Once upon a time where the mountains rise above the clouds, there was a man name Fjorn Ironbender. Like his father, and his father before him, he was a blacksmith. In those days the blacksmiths were necessary to any community. They built the shovels, the plows, and the knives for farming.
Fjorn was the only blacksmith in his village, so when his Lord called to him to come to the great hall in the valley and make weapons, he was sad. Who will build the plows now? So Fjorn worked day and night to lay up a store of horse shoes and plows for the farmers before he went down to the valley.
The blacksmiths in the great hall worked day and night to build the weapons of war. Some times Fjorn worked nights, and sometimes he worked days and nights. Eight of the men of the village came down as well. How could Fjorn tell them they were well met when he knew many of the men would not return home again?
But the Lord’s greed and envy of other lands could not be turned. The great army marched. Because Fjorn was a blacksmith, he stayed behind the lines. Every day bloody, broken swords were mended, spears were rebuilt, and iron casts were made for wounded men.
In the end Fjorn wasn’t sure who had won. Perhaps his lord’s lands now extended to another river, or perhaps another village had sworn him fealty. But Fjorn only knew that three of the eight men remained to return home with him, and two of those were wounded.
Only two years passed, and again the Lord called to Fjorn to come build the weapons of war. Fjorn joined the three men, one of whom still limped, as they traveled down into the valley.
The Lord called his assembled army together before the great hall and they knelt before him. As he looked about at his shrunken army, the Lord was not pleased. “This will not do! We will call the boys from the villages. You will teach them the ways of war on the march.”
Something came over Fjorn then. He stood. His silence was so potent the Lord paused and asked him: “What is it you want? Why are you standing? What is your wish?” Fjorn looked up at the Lord and said: “I challenge you for the Lordship. A battle of single combat.”
It had been done in the distant past. No one had thought of it for years. But it was the law. A gasp swept through the men.
The Lord retired and called his advisors. He was afraid of this strong blacksmith. “Get me out of this challenge.” The advisors thought this and that, but the law was clear. “If only you hadn’t asked, he would have had no claim. But you asked him what his wish was, and he said it in front of the assembly. The challenge must be met.”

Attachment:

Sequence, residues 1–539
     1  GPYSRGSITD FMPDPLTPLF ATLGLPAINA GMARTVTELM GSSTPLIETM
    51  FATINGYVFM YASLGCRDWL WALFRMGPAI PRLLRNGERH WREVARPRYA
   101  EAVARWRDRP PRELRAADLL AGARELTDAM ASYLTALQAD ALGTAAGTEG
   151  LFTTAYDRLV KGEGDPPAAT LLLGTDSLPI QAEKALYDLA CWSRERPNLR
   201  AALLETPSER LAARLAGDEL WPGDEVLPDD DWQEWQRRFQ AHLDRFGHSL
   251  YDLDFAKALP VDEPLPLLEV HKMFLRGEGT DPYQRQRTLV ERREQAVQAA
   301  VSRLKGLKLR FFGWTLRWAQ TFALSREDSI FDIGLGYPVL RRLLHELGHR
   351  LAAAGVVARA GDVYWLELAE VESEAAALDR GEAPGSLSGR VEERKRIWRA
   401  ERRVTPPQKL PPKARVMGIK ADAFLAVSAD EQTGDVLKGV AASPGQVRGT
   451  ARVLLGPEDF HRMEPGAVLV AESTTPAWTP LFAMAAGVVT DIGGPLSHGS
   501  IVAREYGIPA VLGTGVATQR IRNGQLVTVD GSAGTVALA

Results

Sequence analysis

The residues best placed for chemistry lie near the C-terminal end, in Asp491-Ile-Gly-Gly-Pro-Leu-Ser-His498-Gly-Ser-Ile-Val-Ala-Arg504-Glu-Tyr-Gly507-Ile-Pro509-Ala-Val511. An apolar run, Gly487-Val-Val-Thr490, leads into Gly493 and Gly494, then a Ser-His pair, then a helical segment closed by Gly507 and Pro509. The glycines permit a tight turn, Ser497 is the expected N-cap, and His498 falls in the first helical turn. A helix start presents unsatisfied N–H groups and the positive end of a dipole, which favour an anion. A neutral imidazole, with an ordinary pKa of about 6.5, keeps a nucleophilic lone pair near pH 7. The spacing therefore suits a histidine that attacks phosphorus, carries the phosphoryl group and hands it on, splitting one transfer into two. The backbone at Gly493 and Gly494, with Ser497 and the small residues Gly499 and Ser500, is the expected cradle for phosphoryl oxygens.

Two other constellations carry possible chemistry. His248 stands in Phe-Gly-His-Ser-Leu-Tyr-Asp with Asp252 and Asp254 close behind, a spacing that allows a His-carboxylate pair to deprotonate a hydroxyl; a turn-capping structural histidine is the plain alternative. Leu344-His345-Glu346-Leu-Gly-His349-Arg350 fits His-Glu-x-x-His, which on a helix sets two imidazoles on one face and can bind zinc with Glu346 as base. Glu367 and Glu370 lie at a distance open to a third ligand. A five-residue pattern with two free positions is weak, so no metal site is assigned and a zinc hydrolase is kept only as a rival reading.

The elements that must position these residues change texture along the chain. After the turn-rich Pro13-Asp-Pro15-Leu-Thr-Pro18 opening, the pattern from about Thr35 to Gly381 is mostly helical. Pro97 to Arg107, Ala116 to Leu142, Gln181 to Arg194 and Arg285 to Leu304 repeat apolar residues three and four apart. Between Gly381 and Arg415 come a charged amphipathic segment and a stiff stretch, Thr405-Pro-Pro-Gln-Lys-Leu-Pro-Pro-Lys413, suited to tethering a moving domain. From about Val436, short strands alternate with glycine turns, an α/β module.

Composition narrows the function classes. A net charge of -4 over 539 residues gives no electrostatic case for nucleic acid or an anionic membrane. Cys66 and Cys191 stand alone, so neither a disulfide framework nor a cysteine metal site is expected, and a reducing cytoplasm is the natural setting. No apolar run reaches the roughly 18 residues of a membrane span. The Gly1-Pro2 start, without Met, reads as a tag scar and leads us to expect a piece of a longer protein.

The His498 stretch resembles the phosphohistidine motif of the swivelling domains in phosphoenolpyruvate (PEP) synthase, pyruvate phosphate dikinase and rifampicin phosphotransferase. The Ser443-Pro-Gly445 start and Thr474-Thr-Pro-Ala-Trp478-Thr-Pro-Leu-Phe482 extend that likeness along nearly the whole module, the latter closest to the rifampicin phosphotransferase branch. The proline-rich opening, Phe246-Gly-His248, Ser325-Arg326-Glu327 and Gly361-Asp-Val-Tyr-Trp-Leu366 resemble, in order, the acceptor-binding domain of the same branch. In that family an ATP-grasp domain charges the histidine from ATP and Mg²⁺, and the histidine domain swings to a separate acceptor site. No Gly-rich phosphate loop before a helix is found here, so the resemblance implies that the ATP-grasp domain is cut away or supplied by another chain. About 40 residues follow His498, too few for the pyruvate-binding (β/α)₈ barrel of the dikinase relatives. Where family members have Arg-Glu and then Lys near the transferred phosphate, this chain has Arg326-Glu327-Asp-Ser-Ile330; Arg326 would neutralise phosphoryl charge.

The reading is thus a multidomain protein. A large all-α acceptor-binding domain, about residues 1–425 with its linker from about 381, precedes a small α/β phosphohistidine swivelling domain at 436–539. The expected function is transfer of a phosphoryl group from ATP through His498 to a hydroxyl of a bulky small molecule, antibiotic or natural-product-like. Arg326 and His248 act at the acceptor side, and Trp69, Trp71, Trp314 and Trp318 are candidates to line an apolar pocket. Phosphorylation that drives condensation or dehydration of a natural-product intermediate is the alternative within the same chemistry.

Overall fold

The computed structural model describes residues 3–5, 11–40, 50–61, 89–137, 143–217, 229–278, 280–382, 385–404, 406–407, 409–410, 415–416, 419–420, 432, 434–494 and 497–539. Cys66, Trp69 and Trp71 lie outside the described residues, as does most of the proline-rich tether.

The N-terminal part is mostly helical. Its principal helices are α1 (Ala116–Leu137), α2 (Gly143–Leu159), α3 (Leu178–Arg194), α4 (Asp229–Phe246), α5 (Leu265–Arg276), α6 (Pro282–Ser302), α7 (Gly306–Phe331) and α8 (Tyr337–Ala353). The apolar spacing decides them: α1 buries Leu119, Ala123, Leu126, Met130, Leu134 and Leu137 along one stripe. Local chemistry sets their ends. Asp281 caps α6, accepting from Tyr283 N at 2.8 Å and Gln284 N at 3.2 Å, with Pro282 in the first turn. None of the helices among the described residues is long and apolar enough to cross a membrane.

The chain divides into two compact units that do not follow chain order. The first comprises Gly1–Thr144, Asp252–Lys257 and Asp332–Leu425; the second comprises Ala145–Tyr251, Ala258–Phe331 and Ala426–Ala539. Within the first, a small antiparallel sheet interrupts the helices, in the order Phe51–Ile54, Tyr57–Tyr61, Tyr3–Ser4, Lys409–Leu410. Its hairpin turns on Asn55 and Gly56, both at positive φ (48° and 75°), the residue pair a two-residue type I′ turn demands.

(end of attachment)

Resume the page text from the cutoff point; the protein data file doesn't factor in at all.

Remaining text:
“What would happen if I were old or sick?” The Lord wanted to know. “Well, if you were old or sick, then you could have a proxy fight for you.” That night the Lord fell down the stairs, badly spraining his ankle. So the next day when Fjorn came for the challenge, the Lord’s largest and most experienced warrior awaited him.
Fjorn did not flinch. “Give up now,” said the Lord, “and I will pardon you. I need you to build my weapons of war.” Fjorn looked in the Lord’s eyes, and knew that once the weapons were finished, his life would be ended.
Every challenger has a choice of weapons, and Fjorn picked a hammer. He picked up the great two handed hammer and held it above his head. Fjorn’s challenger flipped his sword around expertly. This blacksmith was no warrior. It would be a simple matter to kill him.
Fjorn did not move. He held the hammer rigid above him. At last, the warrior moved in for the kill. As he did so, Fjorn brought the hammer down. The warrior thought to deflect the hammer with his sword, but he had forgotten that Fjorn was a blacksmith. In the night Fjorn had forged himself a hammer with a solid iron handle, so heavy that all he could do was hold it aloft. As the hammer struck the sword, it shattered. The hammer kept on coming, down onto the warrior. The battle ended as quickly as it had begun.
The Lord was banished, and Fjorn Ironbender became Lord. He told his people that there would be no war. He was the first of a long line of kings who ruled in peace and harmony.
- A Deep Spiritual Concern for Your Soul (biblebelievernet.com)
- Trials Can Shape Us (illustrationstoencourage.wordpress.com)
- David Maydole – Hammer Maker (lostartpress.com)
- Bla a fuelcksmithing (rws1532.wordpress.com)
- Marvin Gardner-Blacksmith Demonstrator Nov. 7 -17 At the Volusia County Fair, DeLand, Fl (volusiacountyfair.wordpress.com)
- The last of the blacksmiths (thehindu.com)
- More Blacksmithing (rws1532.wordpress.com)
- Forgotten Magic (daydreamsandwishes.wordpress.com)